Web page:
Trip to Peru Continued

I promised I would write about my trip to Peru and what I have learned there. Of course knitting and textiles were my main purpose of sight seeing, but I have learned so much more. People are so humble and friendly and in every contact with a Peruvian, it reminded me I should be like that.

Knitting was not present as a technique in South America before colonization, but was introduced by the Portuguese and Spanish that colonized South America. Even though it is a new craft in this ancient society, hand knitting  is now everywhere you travel in Peru. Like their ancestors, they are immersed in ancient textile traditions. Peruvian knitters continue to be inspired by techniques and designs from other textiles (especially weaving) into knitting. It  does vary according to the village they belong to and what they have learned as children. Mostly of the knitted articles we saw in Lima where made by a machine with very fine quality of alpaca for commercial use.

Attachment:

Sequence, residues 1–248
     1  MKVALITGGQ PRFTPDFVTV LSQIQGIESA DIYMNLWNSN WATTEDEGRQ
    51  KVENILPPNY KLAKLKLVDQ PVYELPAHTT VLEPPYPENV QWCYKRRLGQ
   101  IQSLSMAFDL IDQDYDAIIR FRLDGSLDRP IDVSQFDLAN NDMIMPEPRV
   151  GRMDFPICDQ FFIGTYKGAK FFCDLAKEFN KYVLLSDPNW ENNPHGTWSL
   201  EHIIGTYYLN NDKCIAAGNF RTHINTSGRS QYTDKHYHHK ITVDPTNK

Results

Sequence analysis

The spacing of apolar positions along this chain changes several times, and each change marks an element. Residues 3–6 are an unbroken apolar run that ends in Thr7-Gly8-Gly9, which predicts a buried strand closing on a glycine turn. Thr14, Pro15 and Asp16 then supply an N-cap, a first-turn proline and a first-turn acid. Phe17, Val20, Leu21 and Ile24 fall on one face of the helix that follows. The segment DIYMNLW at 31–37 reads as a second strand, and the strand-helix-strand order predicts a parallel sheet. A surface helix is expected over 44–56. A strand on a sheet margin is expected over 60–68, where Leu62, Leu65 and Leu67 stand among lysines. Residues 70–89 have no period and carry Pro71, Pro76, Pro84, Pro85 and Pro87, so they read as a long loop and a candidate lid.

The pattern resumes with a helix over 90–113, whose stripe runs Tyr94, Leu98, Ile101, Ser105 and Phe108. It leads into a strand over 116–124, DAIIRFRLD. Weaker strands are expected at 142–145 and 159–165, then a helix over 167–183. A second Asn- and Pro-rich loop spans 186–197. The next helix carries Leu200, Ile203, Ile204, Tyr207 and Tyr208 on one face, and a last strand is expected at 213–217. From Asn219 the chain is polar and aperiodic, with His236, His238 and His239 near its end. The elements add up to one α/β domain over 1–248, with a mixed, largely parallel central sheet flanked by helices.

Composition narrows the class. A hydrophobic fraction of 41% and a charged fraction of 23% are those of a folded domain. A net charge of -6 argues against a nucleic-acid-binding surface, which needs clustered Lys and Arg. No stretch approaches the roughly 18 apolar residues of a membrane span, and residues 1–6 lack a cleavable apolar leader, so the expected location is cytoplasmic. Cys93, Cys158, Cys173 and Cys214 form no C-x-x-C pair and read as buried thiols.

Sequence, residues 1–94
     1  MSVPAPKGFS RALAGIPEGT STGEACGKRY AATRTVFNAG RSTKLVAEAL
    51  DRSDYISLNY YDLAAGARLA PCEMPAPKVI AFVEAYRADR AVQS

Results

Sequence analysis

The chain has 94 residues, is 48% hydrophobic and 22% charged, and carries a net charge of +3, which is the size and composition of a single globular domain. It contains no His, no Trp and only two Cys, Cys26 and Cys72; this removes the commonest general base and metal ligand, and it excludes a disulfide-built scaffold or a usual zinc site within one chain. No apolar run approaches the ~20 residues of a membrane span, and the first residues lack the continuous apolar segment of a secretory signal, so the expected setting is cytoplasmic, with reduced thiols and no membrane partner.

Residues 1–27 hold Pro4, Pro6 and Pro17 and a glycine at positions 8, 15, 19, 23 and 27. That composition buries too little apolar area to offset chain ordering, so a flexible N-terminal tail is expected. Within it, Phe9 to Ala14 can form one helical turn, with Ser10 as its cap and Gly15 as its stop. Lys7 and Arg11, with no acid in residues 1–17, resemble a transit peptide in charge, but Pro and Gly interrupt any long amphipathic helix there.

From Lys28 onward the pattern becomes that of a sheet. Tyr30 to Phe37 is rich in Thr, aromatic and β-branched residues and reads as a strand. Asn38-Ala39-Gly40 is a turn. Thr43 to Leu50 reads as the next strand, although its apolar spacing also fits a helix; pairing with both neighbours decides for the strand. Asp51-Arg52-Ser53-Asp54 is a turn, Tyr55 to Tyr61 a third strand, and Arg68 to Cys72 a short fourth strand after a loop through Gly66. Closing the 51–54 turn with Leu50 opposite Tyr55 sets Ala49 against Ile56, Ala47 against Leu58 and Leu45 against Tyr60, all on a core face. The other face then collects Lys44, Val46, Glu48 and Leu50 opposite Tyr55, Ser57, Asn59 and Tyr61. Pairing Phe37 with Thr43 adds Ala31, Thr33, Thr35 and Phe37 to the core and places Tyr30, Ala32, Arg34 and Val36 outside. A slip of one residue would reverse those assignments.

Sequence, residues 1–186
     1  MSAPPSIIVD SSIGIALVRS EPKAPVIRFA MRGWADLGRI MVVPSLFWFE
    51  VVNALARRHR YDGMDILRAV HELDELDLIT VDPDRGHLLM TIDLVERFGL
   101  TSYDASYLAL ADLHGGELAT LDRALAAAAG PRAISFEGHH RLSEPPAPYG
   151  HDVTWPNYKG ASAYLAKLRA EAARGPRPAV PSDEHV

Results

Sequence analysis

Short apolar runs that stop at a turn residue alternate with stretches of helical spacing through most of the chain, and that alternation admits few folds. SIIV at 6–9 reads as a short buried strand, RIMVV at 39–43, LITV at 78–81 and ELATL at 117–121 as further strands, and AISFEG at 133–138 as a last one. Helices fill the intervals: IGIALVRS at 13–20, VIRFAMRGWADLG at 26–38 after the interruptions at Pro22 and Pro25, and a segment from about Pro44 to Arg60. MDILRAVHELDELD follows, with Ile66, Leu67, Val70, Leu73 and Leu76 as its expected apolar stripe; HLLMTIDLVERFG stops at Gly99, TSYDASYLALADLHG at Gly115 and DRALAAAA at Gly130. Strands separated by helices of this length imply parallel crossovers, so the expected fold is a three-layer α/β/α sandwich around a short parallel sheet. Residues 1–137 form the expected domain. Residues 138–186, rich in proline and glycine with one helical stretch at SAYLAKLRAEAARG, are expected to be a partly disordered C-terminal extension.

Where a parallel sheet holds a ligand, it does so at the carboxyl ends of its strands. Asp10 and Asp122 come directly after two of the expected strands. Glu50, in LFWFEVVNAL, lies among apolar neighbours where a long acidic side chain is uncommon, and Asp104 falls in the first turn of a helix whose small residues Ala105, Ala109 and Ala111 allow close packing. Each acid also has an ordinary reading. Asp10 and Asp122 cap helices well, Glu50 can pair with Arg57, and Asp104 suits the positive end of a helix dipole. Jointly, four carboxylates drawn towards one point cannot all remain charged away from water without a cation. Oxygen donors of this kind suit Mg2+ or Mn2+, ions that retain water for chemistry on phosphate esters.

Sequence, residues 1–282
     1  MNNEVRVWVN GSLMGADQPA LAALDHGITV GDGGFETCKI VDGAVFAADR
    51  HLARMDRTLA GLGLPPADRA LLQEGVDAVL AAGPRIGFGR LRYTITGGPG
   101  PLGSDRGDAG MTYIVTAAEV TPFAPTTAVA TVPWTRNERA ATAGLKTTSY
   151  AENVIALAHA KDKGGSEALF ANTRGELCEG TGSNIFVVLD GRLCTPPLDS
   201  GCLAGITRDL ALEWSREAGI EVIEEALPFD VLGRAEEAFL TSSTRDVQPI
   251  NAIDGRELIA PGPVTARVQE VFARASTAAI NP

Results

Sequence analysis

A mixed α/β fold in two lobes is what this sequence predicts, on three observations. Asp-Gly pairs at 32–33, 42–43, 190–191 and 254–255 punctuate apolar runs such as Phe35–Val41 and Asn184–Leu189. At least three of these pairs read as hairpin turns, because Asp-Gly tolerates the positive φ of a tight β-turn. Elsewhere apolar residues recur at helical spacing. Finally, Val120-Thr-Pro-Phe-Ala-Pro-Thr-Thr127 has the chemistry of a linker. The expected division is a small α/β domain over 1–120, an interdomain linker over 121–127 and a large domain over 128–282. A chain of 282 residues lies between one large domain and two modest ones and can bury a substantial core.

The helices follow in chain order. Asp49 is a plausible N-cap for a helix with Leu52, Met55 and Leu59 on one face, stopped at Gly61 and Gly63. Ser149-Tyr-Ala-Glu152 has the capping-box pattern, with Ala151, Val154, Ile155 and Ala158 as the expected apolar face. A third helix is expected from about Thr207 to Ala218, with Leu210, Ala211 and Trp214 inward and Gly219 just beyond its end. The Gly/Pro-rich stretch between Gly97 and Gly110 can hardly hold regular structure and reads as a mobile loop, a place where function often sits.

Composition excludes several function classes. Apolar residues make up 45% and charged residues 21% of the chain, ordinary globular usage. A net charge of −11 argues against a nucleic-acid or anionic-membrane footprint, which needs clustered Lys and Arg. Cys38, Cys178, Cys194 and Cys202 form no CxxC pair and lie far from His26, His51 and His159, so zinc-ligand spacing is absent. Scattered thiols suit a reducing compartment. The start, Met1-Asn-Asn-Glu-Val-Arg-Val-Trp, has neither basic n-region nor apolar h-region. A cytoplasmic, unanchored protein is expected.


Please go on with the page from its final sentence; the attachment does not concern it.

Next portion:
Once we arrived in Cuzco we could see more hand knitting everywhere, but articles made for “turistas” (foreigners). Only when we visit Chinchero we finally saw the real art of hand knitting and weaving by the locals. They showed us the skills everybody needs to learn before they knit or weave: how they clean and wash all the fiber they collect (wool or alpaca), how they spin and then make it into two ply yarn, and how they dye the yarn using all natural dyes (flowers, leafs and the insect Cochineal).  It is an amazing hard work that requires both skill and love. 

IMG_2280 IMG_2282 IMG_2294In these pictures you can see from left to right: dried flowers that give the color yellow, the dark red corn that dyes the fiber dark purple (morada) and some lichen that gives the color rust. In the small plate with the red yarn we have Cochineal, an insect that is a parasite of the cactus plant. It dyes wool and alpaca red color. From Cochineal they actually extract more than 25 shades of red, by adding lemon juice.  They use baby’s urine to fix the color. Once the yarn is spun and dyed, they are ready to be knitted or woven. On the picture bellow you see the spinner/knitter/weaver that gave us the demonstrations. Her name is Rosana. At the bottom picture she is showing us her hand woven and hand knitted items of sale and caring her baby on her back inside her “manta”. Amazing women!


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